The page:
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  18. JT1

    JT1 Contributor 10 Years

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    Acer palmatum 'Mikazuki' taken this weekend. Grown in filtered sun. Unfortunately my good camera needed a charge, but the cellphone still managed to capture this closeup image. Love the veining in the first image, but even better in person.

    With too much sun the leaves get too dark and saturated, so you lose this effect.
     

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    Last edited: Jul 18, 2022
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  19. Atsoh

    Atsoh New Member

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    01-02 > I recently bought the infamous Taylor, I have read that many of you have had a bad experience with this rogue, have a life expectancy of only three to four years, ..fingers crossed and simply appreciate the present moment.
    03-04 > Tiny new leaves for the seedlings I collected in the park, ..as emery suggested to me, the mother plant should belong to the Atropurpureum Group.
     

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  20. dicky5ash

    dicky5ash Generous Contributor

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    Asahi Zuru - great variegation this year
     

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  21. Cattwooduk

    Cattwooduk Active Member

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    I saw a couple of these at my usual garden centre back in March before they were fully leafed out. Description on the tag made me picture Oridono Nishiki or Ukigumo so I didn't bother, maybe I should have grabbed one after all!

    Has it been particularly tough for you so far?
     
  22. dicky5ash

    dicky5ash Generous Contributor

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    Hello - not sure what you mean?
    It’s a superb cultivar..no dieback issues..nice variegation every year..just looked super super nice this year IMO. I have several Orido Nishiki plants too, I can’t tell the difference between these cultivars but the tree above seems to have greater impact year on year..might just be it loves it’s location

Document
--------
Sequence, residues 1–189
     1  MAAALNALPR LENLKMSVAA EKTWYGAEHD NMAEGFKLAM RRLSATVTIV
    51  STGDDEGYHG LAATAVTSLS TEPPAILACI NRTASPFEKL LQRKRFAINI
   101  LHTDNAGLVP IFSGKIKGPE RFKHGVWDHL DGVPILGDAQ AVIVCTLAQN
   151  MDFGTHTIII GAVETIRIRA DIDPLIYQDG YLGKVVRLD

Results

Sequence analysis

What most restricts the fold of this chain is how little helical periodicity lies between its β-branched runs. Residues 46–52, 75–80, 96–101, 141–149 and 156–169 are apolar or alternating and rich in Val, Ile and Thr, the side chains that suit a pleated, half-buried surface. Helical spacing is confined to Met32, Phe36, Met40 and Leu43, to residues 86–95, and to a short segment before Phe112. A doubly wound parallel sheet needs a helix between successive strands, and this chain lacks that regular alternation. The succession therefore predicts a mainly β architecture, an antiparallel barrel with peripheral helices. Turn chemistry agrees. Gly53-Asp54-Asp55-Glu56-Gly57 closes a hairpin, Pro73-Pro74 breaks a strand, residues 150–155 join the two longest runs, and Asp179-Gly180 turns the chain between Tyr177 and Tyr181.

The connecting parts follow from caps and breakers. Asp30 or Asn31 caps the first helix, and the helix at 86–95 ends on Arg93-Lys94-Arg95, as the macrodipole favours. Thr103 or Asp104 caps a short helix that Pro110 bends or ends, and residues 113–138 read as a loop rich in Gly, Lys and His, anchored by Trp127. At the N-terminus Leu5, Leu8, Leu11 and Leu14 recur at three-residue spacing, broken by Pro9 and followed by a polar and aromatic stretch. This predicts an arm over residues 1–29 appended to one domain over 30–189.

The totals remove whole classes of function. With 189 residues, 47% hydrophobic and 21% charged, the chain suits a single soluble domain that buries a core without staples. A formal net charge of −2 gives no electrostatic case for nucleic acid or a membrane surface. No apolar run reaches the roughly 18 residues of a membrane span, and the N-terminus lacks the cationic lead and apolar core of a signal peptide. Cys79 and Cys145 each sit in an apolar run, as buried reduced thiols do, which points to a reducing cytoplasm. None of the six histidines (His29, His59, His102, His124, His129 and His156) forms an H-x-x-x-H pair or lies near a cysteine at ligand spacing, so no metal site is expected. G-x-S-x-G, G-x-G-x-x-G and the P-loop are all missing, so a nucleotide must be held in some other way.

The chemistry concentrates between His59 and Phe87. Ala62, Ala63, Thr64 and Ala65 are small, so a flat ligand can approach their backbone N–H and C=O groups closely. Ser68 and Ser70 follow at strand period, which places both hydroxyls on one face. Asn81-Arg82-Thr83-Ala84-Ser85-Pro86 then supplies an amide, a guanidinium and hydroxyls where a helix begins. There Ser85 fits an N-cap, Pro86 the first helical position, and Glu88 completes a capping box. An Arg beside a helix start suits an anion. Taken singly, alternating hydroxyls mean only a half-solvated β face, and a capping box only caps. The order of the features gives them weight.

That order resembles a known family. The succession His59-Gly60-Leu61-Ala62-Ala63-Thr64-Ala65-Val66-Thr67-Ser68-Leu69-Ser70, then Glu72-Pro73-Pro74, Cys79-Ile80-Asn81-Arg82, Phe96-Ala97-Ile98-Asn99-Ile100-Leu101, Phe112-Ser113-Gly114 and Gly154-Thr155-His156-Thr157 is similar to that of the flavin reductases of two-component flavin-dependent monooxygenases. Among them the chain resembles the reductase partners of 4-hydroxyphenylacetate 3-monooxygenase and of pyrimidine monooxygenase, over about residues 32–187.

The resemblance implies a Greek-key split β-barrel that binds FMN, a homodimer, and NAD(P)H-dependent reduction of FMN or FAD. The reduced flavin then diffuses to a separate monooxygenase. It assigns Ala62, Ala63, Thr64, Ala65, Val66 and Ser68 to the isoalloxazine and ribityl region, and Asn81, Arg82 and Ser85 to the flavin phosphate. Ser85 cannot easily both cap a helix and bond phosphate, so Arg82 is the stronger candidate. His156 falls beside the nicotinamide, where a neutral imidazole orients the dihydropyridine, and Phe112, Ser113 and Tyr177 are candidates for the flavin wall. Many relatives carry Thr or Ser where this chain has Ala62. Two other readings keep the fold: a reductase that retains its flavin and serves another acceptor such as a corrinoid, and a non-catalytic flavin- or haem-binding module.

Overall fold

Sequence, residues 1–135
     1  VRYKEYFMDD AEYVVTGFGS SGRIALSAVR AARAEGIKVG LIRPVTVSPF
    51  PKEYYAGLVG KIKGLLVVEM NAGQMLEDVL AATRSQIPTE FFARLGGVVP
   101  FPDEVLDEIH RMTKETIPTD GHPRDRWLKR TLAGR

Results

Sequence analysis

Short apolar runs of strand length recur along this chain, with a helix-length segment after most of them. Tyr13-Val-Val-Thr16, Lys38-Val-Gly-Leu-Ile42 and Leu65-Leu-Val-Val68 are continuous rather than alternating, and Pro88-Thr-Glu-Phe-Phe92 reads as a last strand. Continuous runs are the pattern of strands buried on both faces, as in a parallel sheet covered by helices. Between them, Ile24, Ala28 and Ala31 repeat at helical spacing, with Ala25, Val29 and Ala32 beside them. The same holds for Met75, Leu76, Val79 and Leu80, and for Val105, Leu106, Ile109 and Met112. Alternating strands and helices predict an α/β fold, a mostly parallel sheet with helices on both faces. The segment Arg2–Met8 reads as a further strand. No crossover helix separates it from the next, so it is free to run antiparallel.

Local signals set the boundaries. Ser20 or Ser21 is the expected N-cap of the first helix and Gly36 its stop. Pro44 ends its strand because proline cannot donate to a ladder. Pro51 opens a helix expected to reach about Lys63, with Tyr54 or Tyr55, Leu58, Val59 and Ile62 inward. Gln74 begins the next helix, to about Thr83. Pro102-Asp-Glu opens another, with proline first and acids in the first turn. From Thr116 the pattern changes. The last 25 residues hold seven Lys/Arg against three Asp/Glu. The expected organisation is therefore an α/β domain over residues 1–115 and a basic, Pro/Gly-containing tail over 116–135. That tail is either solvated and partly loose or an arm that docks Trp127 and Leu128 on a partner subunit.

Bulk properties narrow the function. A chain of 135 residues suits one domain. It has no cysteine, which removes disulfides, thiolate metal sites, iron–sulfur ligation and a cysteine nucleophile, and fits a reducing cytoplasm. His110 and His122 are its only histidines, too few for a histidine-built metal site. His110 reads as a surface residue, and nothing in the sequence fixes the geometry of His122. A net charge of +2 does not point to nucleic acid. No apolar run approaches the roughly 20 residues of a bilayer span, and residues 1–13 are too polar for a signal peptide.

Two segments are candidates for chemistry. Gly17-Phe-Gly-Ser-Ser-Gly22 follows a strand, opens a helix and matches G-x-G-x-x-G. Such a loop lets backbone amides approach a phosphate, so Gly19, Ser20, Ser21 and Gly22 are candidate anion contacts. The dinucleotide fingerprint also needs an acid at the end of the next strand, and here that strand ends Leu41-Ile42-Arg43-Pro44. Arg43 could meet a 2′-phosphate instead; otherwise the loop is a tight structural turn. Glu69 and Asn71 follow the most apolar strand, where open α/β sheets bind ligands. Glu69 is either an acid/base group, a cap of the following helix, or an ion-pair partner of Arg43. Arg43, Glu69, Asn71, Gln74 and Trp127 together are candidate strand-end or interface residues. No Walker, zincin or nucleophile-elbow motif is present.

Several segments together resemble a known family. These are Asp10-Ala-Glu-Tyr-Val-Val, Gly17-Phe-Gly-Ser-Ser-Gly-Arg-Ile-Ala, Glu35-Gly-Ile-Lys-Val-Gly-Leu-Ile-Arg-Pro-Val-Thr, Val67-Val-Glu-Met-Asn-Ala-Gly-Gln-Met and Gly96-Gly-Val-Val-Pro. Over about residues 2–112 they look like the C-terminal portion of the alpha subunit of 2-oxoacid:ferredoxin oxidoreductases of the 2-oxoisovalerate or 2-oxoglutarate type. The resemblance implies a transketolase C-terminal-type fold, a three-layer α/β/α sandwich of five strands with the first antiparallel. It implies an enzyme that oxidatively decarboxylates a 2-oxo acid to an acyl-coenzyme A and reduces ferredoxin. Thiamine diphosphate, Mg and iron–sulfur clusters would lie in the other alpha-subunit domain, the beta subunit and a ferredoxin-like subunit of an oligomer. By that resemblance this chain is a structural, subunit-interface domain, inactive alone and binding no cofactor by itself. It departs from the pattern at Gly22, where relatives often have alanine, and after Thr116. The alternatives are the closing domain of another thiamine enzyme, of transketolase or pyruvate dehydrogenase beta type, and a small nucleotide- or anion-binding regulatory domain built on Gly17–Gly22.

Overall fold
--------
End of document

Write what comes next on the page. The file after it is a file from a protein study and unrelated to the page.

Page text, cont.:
23. Atsoh

    Atsoh New Member

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    Absolutely splendid, ..I really really really like it!
     
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  24. Cattwooduk

    Cattwooduk Active Member

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    Sorry yeah that was a lazy question. I meant has it had problems with dieback, does it burn easily, or suffer much from a little wind exposure etc.

    It looks more striking white than my Oridono Nishiki, and a lot less pink! To me it looks rather like Ukigumo colouration on O N shaped leaves.
    What sort of position do you have it in?
     
  25. dicky5ash

    dicky5ash Generous Contributor

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    Hello - It’s a strong cultivar in my experience. I recall it didn’t like persistent rain for weeks one Spring a few years back and the leaves browned on the edges but other than that.

    All the spring pink has now been and gone. It’s in a VERY wind sheltered spot and gets about 3 hours direct morning sun then bright but indirect for the remainder. My similar sized (2m) ON is in a more dappled sun position and doesn’t look as striking..I’ll move that one. My small ON has an identical display to the AZ.

    I’ve seen a number of people comment that theirs is not doing much in terms of impactful display but their photos have shown small plants. My Baldsmith that was probably an 8 year old when I got it was very drab, just uninspiring for several years now is in my top 3.